On January 29, someone called Puente’s crisis line to report a number of unmarked vehicles in front of a house on 14th Avenue. There are few media reports about the January 29 raid, but a statement to Prism and In These Times from Mercedes Fortune, Phoenix Police Department public information sergeant, confirms police responded to a caller reporting “a person who was being held against their will.”
Officers found more than 50 people inside the residence and “determined the persons were involved in human smuggling,” according to the February 19 statement. “The United States Immigration and Customs Enforcement were advised and they have taken over the investigation.”
In instances of suspected human trafficking, the Phoenix Police Department is supposed to perform its own investigation. According to the department’s Operations Order 4.48, the “papers, please” provision of SB 1070 does not apply if it may hinder an investigation by undermining cooperation. The order notes, in particular, the need for “significant cooperation of those involved” in human trafficking cases.
Instead, in the January 29 raid, the Phoenix Police Department appears to have simply handed the case to ICE. The police department did not respond to a query about whether it was conducting its own investigation. ICE, in an emailed statement to Prism and In These Times, says it took 60 people to the ICE office for processing. From there, according to advocates, the migrants wound up at the Florence and Eloy Detention Centers. (The Eloy Detention Center, in June and July of 2020, had one of the largest coronavirus outbreaks of any immigration detention facility in the country, and both centers had confirmed cases as of January.)
Solis and her colleagues at Puente maintain ICE processed the migrants under Title 42, based on information from someone who was picked up in the raid and held at Eloy. (The names of undocumented migrants and their family members have been withheld for their protection.) Puente says it confirmed with a legal-aid attorney that the person was detained at Eloy and that they do not appear to have an A-Number. Since this person’s release, members of Puente say another aid group has confirmed similar Title 42 findings.
A great deal of murkiness still surrounds the use of Title 42, including whether ICE even has authority to use it. The Trump administration’s original memo outlining the use of Title 42 was directed at CBP and “specifically the United States Border Patrol,” separate from ICE. In the first Arizona raid in September 2020, CBP was at the scene; at the January raid, advocates saw only ICE and the Phoenix Police Department.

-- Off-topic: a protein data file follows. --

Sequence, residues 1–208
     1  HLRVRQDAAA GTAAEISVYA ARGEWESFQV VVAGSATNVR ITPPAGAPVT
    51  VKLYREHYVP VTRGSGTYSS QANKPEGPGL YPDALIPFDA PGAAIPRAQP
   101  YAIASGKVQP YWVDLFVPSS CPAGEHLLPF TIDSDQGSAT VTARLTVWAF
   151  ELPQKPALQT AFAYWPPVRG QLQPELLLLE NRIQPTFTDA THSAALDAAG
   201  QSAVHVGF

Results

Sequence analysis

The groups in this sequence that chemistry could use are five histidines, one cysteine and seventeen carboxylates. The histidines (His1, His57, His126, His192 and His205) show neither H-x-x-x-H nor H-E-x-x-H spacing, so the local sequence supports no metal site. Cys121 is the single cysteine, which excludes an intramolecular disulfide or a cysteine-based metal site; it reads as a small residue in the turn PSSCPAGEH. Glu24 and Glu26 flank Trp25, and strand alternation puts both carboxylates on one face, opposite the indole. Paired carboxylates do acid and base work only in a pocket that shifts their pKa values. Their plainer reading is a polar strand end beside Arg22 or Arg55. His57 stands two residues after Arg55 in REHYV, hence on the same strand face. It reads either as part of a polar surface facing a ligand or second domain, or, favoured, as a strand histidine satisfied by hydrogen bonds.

When asked directly whether ICE has authorization to process newly arrived undocumented migrants under Title 42 without coordination from CBP, ICE spokesperson Alexx Pons would only say Title 42 is within the purview of CBP and “expulsions under Title 42 are not based on immigration status and are tracked separately from immigration enforcement actions.”
ICE referred further questions to CBP. CBP did not respond to repeated requests for comment.
A Rogue System
The raids that unfolded around Phoenix are perhaps the first (documented) cases of Title 42 used to expel migrants far from the borders.
It is relevant to note that, while many associate CBP directly with the U.S. border, its reach is actually much larger. It has authority within 100 air miles of any land border or coastline, a territory that encompasses Phoenix, New York and many other major cities. According to the American Civil Liberties Union, nearly two-thirds of the U.S. population resides within CBP’s jurisdiction — in other words, the territory where Title 42 grants CBP license to quickly expel newly arrived migrants under the guise of public health.
That the Biden administration has so far chosen to continue Title 42 expulsions may surprise some, but not Solis. The community organizer anticipated Biden taking an “Obama-style” approach, a nod to the raids and mass deportations that occurred during President Barack Obama’s years, when Biden was vice president.
“The people affected the most are those whose lives are affected by the immigration system, and this administration’s not really doing anything super proactive,” Solis says. “Title 42 is serving its purpose. It’s doing what [Homeland Security] intended it to do, which is create a rogue system.
“Regardless of the presidency, when it comes to immigration, there’s always a rogue system.”
Paco Alvarez and Brianna Bilter provided fact-checking.
In this new book, longtime organizers and movement educators Mariame Kaba and Kelly Hayes examine the political lessons of the Covid-19 pandemic and its aftermath, including the convergence of mass protest and mass formations of mutual aid. Let This Radicalize You answers the urgent question: What fuels and sustains activism and organizing when it feels like our worlds are collapsing?
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Tina Vásquez is a senior reporter at Prism, covering gender, labor and immigration. She is based in North Carolina.